Some of today’s vehicles come with their very own smartphone app, providing you with insight into the car’s health, fuel consumption, and more. But if you’ve got a car from a time passed, such as myself – I’ve got a 2003 VW GTI – you’ll be left guessing. Not anymore.
The Automatic is a Bluetooth dongle that plugs into your car’s Onboard Diagnostics Port, generally located next to or near the fuse box. According to automatic it works with cars since 1996, and connects to your smartphone (iPhone for now) using Bluetooth 4.0. Once connected and setup, you can track your trips, MPG, and even receive warning tones when you accelerate, speed, or brake too harshly. The latter features are designed to improve your fuel economy and in turn save you what the company says are hundreds of dollars a year. Which effectively means you can recoup the cost of the Automatic (it’s just $70) in probably a few months of use. Ah, no brainer, right?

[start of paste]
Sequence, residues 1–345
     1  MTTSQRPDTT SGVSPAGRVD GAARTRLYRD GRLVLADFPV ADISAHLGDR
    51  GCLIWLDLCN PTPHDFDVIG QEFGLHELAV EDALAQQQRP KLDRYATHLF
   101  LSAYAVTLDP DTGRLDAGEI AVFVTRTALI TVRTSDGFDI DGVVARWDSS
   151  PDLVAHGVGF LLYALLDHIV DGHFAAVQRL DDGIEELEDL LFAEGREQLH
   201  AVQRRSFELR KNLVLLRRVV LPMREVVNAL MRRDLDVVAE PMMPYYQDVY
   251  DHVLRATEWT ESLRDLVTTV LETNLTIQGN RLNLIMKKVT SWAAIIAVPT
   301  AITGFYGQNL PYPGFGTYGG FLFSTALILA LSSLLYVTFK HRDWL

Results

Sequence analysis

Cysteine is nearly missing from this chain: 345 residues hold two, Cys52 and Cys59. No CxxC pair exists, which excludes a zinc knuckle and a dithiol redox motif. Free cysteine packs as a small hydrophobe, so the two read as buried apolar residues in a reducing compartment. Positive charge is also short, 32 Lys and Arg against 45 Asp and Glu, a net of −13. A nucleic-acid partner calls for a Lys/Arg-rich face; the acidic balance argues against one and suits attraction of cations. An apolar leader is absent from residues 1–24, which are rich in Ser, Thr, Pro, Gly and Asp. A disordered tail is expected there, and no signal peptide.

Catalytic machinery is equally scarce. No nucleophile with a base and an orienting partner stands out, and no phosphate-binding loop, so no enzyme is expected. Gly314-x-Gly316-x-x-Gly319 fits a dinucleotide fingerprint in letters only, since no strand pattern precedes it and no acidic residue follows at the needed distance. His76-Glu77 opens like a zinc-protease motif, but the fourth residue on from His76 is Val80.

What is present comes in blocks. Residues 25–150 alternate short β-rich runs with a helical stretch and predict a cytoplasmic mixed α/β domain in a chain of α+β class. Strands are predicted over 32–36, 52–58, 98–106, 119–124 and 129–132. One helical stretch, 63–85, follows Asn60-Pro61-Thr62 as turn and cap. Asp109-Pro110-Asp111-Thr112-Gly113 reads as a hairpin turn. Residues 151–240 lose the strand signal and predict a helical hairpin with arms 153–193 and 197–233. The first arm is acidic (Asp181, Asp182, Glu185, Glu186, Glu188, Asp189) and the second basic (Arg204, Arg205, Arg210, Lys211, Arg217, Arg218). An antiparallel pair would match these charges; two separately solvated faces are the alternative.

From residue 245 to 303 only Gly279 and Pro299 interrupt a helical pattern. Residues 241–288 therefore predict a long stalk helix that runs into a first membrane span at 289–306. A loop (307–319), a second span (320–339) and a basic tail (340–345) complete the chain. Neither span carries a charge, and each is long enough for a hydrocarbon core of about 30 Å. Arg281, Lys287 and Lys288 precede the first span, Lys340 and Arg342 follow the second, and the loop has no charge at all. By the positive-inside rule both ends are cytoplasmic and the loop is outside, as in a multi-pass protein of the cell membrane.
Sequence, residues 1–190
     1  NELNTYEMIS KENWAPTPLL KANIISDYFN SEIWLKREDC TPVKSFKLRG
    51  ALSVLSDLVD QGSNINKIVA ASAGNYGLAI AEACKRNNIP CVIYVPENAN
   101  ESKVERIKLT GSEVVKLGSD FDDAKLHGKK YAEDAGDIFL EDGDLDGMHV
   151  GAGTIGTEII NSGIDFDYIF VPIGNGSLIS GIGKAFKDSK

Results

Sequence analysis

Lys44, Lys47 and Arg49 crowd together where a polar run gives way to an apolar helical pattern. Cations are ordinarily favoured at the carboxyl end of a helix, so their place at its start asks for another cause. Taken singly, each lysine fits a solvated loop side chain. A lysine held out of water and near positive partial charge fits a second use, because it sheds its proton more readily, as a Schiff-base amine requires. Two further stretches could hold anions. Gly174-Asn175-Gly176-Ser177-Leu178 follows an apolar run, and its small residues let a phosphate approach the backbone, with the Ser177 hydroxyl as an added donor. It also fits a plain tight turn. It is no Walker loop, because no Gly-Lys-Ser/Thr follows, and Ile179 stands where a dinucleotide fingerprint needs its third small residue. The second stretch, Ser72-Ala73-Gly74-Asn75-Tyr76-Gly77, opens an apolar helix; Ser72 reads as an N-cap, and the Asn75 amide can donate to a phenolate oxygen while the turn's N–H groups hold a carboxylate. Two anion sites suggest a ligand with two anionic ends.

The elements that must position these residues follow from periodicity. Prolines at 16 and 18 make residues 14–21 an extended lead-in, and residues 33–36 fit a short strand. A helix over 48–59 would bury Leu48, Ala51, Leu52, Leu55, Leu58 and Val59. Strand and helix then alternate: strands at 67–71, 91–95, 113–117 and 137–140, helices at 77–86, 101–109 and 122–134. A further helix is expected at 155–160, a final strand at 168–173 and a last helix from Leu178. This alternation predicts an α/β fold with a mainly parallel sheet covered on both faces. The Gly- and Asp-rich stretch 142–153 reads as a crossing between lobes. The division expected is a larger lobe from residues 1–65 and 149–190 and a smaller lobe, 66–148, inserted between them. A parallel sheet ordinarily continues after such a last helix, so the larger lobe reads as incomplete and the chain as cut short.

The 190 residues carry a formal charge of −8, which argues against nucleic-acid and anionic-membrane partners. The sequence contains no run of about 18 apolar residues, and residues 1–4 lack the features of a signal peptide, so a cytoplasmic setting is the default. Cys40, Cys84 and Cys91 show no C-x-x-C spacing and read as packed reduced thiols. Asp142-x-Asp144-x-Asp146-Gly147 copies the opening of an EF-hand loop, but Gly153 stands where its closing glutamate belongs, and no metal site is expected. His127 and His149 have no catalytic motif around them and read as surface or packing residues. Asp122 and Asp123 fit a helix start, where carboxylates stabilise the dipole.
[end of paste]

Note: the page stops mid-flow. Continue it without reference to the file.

The Automatic Link talks to your car’s onboard computer and uses your smartphone’s GPS and data plan to upgrade your car’s capabilities. It works with just about any car sold in the United States since 1996.
Using an accelerometer the Automatic can detect if you’ve been in a crash. If the scenario is such, it automatically sends a distress call to 911, and then texts your family members as to your whereabouts – just imagine a rescue team, complete with helicopter and sniffer dogs coming to your aid. Moreover, the Automatic app can share the location of your car after it’s been parked, so you or family member can track it down in a crowded parking garage or lot.
Installing the Automatic appears to be very simple as the app includes step-by-step instructions. Once installed, the Automatic uses your iPhone’s data connection and GPS, to determine its location as well as crunch some numbers. That said, the app uses as little as 5MB of data a month, so no need to worry if you’ve got a limited iPhone data plan, and there is no monthly fee – it’s a one time $70 charge. As of now, an Android app for Automatic is expected to arrive this fall. But keep in mind that you’ll need a Bluetooth 4.0 enabled phone, and there are only a few Androids with that version of Bluetooth.